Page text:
Campus-based organizations, by definition, have multiple merchants and locations accepting payment cards in a variety of different ways. Trying to determine which of your systems, applications, devices, etc. are in scope for PCI, if they are configured in a PCI-compliant manner, or if there is some way to get them out of PCI scope can be confusing.
For most organizations, PCI compliance is just one of their responsibilities. Generally, multiple employees from different areas (e.g. IT, Finance, Purchasing, etc.) are nominated to serve on the PCI Team without a lot of prior training or experience, and they find themselves trying to balance PCI efforts with the rest of their job responsibilities.
This is where a QSA, or Qualified Security Assessor, can help. QSAs are certified by the Payment Card Industry Security Standards Council after completing an extensive training process, and are required to re-qualify every 12 months to ensure their knowledge is up to date. QSAs have a deep understanding of the PCI DSS, the processes involved in card processing, network segmentation, payment card brand validation and reporting requirements, hardware and communications infrastructure, compliance issues, and effective mitigation strategies.
Their training and expert understanding of the DSS enables the QSAs to perform merchant and service provider assessments to help these organizations identify areas of PCI non-compliance. If your organization is required to undergo a formal assessment and submit a ROC (Report on Compliance), you must enlist a QSA to perform the audit. If you are attesting to your compliance through the SAQ process, but have a complex payment card environment, a QSA may be engaged as an advisor. The QSA can share vendor-neutral recommendations for systems or solutions to help reduce PCI scope, recommend best practices, evaluate service provider compliance, and can help ensure your organization is approaching cardholder data security in a PCI-compliant manner.
All CampusGuard QSAs have an extensive information technology and cyber security background, and have also completed the CISSP (Certified Information Systems Security Professional) certification. The CISSP is the gold standard of information security certifications, testing individuals across eight domains in the CISSP Common Body of Knowledge including communication and network security, identity and access management, security assessment and testing, security operations, and software development security. This is an advanced certification for experienced security professionals who have the technical expertise to develop, implement, and manage enterprise security programs.
The ideal QSA is an information security professional with a strong IT and networking background. They must understand overall business and compliance processes, and keep up to date with industry changes and emerging technologies. But perhaps the most important quality for a successful QSA is the ability to understand the business impact of PCI compliance and provide clear, concise advice as to how best the organization can achieve and maintain compliance.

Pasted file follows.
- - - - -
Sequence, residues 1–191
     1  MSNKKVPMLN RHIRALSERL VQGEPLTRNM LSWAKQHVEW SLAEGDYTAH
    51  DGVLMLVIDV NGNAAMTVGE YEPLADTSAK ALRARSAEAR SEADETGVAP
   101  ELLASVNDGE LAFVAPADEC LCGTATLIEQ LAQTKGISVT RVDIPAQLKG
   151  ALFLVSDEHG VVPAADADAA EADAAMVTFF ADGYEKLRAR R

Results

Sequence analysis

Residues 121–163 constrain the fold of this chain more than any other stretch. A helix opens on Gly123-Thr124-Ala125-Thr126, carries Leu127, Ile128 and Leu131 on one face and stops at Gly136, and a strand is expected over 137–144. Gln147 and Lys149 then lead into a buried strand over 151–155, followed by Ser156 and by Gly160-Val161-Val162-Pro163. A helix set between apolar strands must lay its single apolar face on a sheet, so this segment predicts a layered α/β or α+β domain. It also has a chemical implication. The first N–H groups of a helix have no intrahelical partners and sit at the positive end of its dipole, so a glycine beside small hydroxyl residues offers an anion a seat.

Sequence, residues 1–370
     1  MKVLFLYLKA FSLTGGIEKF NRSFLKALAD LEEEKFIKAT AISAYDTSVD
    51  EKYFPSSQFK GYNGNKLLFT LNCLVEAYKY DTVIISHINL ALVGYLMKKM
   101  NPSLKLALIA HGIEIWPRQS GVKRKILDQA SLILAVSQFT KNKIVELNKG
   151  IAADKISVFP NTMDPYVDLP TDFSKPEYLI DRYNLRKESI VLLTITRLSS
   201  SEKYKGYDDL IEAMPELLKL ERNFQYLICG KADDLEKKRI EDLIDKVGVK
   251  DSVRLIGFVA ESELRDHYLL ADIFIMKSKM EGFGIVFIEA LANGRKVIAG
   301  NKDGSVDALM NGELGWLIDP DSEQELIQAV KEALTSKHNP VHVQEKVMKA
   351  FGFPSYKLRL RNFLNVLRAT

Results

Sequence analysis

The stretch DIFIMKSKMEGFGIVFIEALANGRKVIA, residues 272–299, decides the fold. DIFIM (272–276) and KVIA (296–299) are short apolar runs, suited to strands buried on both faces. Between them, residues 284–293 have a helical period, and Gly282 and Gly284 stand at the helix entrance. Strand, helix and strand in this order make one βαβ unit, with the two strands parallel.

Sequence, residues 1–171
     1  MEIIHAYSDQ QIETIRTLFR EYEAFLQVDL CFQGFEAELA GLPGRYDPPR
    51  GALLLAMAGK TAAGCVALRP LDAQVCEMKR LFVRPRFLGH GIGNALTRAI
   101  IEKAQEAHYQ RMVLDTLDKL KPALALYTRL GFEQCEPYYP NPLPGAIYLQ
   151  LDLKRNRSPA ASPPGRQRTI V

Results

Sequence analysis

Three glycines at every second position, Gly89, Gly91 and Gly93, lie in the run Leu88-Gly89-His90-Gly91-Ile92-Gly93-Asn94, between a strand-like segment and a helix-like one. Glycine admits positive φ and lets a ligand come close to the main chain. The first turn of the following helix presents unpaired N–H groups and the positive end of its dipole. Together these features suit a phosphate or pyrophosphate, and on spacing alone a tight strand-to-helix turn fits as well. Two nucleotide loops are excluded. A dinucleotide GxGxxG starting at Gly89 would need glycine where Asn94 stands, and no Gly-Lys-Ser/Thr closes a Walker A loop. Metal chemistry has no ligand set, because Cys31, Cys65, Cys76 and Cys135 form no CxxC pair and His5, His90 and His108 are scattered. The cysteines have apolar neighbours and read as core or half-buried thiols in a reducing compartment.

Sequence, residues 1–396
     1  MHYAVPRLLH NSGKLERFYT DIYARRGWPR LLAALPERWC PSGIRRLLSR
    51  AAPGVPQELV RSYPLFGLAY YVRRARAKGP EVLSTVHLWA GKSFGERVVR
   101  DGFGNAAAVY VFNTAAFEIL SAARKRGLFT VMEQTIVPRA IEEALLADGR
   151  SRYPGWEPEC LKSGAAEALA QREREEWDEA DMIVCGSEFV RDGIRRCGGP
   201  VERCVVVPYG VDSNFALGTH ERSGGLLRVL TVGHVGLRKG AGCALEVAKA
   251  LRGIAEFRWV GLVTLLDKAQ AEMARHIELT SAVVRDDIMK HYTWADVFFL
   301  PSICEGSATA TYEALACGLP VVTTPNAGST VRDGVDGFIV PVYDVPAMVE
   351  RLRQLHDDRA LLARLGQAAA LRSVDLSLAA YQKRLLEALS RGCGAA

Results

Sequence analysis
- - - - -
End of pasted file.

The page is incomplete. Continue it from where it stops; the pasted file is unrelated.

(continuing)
The CampusGuard Security Advisors share what they like most about being a QSA.
[Gilmore]: My favorite part of being a QSA is the chance to stand in front of a crowd of people that are not so familiar with this subject of credit card data or just general information security and explain to them why there must be processes, technical and administrative, in place to protect this information. I get a joy out of taking the standards set forth by the PCI SSC and explaining how they can apply to their local environment. We may throw in some terrible jokes and some shocking information to bring some interest into what can really be a not so exciting training session. Typically, after walking through the sections of the training that we have prepared and even tailored in many cases to the room of diverse merchants there is always a room full of lights that turn on above each of their heads that let me know they understand the purpose of the needed protection. Making the subject pertain to their individual ways of taking information and then explaining potential problems always does the trick to trigger questions during and certainly after the training is complete. Usually it just takes putting merchants in the shoes of their customers to kick start the daily thought process of securing credit card data.
[Ko]: I’m passionate about information security… But I’ve been around the block enough to know that security and usability are found at opposite ends of a teeter-totter. Finding the right (and delicate) balance of securing the environment while still allowing you to have a functioning business is one of the greatest challenges that we face as security advisors. I love being able to think of creative solutions to help you achieve compliance while still allowing your business to thrive and grow.